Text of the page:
paratively minor detail. Our author has something bigger than that in his mind, bigger even than the telling of an excellent and enthralling story, an object which he incidentally achieves.

The fact is that the book, though about happenings connected with a Christian Cathedral, is essentially Pagan in motive. Or if that epithet be thought due to episcopal prejudice, I am willing to substitute Greek for Pagan. It is saturated with the spirit of Greek tragedy. The peculiar distinction which the book possesses is due to this quality. We are constantly made to feel, sometimes by subtle hint, sometimes by more open suggestion, that behind the characters there are powerful elemental forces at work which are too strong for them. Of this they themselves are dimly conscious. In the Archdeacon this vague apprehension produces alternate fits of rage and fear; in his antagonist and vanquisher, Canon Ronder, a haunting misgiving that his intrigues have let loose forces beyond his control, bringing about results that he neither foresaw nor desired. Falk, the Archdeacon's son, who loves his father deeply, deliberately and with full knowledge of the terrible blow that it will be to the Archdeacon, runs away with and marries the daughter of a disreputable publichouse keeper in the same town, impelled thereto not by physical passion, for the girl is no vulgar siren, nor does she try to entrap him, but by an irresistible conviction which he can neither explain nor entirely understand, that only by taking this step will he be enabled fully to realize his life. Davray the artist becomes a hopeless victim to drink and has his mind turned by the stern, overwhelming beauty and grandeur of the Cathedral which he came to study and paint, yet retains, even in the lowest depths of his degradation, a fearful devotion to his destroyer, from which he cannot keep away. The Archdeacon's wife is driven to abandon him by a cold, relentless hatred of her husband, so strong that it has the effect of some malignant external force working upon her rather insignificant personality, as much as by her love for the man for whom she leaves him. And over them all towers the Cathedral, sphinx-like, majestically beautiful, but with something sinister and threatening in its beauty; the creation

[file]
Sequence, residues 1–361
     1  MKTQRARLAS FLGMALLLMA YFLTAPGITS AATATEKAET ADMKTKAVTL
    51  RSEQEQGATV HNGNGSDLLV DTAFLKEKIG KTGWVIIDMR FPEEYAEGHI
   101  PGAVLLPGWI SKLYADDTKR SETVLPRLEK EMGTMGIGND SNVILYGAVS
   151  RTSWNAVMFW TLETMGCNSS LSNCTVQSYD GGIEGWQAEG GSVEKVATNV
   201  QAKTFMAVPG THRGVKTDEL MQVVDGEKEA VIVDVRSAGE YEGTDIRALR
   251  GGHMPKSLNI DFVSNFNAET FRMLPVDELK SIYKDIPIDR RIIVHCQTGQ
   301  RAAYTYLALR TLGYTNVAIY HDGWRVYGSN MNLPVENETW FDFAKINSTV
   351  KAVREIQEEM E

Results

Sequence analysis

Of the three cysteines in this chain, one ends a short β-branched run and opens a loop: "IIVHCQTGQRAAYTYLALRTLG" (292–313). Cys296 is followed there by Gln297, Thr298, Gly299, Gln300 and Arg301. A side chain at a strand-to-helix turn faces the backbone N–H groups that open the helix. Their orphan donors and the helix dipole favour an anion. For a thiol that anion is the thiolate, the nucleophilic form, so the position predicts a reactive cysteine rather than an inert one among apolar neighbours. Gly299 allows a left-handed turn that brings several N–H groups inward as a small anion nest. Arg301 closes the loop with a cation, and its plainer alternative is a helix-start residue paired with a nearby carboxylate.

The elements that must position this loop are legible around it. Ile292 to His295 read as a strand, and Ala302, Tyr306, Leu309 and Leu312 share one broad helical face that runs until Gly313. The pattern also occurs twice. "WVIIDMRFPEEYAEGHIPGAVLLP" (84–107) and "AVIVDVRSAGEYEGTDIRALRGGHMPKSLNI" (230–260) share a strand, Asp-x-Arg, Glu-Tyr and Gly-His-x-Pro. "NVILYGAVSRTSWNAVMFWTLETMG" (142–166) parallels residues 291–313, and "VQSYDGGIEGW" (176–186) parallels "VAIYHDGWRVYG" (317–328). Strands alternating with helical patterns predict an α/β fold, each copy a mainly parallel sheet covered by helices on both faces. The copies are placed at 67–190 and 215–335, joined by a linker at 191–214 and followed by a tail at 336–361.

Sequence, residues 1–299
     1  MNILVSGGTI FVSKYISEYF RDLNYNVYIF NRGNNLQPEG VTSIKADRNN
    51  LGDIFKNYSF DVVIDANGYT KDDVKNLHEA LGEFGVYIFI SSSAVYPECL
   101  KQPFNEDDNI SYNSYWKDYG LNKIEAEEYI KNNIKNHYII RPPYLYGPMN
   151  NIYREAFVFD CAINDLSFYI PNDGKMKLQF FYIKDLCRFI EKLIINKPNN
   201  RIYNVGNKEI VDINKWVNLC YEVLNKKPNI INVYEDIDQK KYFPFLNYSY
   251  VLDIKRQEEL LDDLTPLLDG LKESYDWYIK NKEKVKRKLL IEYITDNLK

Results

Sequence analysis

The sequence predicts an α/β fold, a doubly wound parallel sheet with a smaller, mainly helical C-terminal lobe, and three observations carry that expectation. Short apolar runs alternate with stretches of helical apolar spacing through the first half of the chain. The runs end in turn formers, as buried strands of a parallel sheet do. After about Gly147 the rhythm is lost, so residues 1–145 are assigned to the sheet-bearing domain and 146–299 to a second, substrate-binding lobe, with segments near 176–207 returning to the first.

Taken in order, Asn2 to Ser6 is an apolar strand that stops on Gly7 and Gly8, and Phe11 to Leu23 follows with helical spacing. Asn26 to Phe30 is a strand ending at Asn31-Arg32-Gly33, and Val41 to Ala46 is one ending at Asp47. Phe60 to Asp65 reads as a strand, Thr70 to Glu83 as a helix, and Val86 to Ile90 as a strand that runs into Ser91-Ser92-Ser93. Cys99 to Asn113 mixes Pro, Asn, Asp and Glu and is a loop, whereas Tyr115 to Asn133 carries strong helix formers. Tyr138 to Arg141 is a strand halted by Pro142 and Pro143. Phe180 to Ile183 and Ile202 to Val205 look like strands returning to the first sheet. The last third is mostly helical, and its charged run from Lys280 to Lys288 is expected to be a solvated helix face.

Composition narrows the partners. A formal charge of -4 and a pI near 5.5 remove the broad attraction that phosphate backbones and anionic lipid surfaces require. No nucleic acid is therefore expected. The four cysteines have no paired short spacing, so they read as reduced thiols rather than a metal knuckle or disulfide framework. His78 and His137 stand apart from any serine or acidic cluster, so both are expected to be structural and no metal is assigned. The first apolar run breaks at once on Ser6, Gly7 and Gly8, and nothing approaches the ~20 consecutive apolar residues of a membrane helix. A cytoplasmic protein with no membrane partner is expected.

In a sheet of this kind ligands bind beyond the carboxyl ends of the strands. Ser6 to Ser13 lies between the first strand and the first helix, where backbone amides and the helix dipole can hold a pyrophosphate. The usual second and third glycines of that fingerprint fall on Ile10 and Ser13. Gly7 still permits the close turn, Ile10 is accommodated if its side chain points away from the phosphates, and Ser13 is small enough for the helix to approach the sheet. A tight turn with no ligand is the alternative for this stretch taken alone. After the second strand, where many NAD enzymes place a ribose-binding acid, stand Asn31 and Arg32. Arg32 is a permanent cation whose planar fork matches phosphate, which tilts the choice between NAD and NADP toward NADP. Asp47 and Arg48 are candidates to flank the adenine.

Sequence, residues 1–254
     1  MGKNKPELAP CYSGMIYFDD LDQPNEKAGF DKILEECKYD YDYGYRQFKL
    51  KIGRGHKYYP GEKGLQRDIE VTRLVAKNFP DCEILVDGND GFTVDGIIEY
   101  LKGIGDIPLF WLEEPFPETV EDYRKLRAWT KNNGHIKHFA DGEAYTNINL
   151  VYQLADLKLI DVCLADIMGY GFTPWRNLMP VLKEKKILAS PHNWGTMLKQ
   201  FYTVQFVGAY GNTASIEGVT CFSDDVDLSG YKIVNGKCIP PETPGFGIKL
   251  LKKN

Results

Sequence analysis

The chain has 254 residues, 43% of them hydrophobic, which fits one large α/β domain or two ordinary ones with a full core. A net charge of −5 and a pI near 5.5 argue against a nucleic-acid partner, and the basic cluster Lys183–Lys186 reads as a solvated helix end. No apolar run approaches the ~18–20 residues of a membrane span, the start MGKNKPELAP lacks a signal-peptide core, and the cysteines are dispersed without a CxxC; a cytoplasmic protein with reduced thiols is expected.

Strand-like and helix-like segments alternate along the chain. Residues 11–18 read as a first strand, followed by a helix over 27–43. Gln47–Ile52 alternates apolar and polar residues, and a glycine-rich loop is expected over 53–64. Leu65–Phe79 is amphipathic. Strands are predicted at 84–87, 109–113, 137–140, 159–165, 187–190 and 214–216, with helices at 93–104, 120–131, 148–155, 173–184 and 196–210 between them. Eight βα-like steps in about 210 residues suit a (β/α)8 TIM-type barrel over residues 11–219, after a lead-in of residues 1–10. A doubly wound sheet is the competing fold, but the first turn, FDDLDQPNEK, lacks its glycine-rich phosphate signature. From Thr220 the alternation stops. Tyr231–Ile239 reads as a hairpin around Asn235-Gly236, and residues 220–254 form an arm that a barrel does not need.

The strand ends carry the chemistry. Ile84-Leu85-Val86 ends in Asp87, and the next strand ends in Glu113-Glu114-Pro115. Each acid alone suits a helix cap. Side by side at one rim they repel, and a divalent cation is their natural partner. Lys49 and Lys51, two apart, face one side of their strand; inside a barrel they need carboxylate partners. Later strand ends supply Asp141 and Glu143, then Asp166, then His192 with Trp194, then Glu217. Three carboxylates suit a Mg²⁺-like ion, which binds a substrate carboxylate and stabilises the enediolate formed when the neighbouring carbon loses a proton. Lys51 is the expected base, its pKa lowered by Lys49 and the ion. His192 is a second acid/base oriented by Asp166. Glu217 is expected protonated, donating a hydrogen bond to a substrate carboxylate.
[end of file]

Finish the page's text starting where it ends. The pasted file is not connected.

of men's hands, yet, as if it possessed a living personality, seeming to control and dispose of men's lives for generation after generation. In all this there is the suggestion of something in human life more powerful than the strongest of men. But this something is emphatically not the Christian God. It is far more akin to the relentless Até of the Greeks.

Archdeacon Brandon, too, the central figure of the story, might, mutatis mutandis, have stepped straight out of a Greek Tragedy, or formed the subject of one of the inimitable stories of Herodotus. For his outstanding characteristic was a quality that the Greeks called 'hubris', a word not easy to translate, but which implies in a man an overweening self-confidence and love of mastery, with the power to force his will upon others; a conviction of infallibility based upon a sure and certain belief that he is a favourite of the gods, and that they must be on his side, and a pitying contempt for those whom he is obliged to crush, because in their foolish ignorance they have dared to oppose him. The utter downfall of such a man the Greeks believed to be merely a question of time, for the gods did not brook any rivalry, or encroachment, on their prerogatives; they allowed him to reach his zenith, and then ruthlessly struck him down. A man need not necessarily be what is commonly called bad or wicked to suffer this fate; indeed, he might be actuated by what appeared to him to be noble motives, aiming at power for the sake of serving some worthy cause. But if he became too strong, too fortunate in his undertakings, too highly honoured among men, too selfcomplacent and exultant in his success, then the divine Nemesis would certainly fall upon him and destroy him.

This is exactly what happens to Archdeacon Brandon. The opening of the story pictures him in a mood of extraordinary exaltation. He knows that his will has become practically law in all that concerns his beloved Cathedral. All the citizens of Polchester recognize him as the greatest power in the place. He firmly believes that in getting his own way and doing his own will in everything he is doing the will of God. So convinced is he in this belief, that he feels himself to be rather a partner on almost equal terms with the Deity, than merely an instrument in His hands. Immediately Nemesis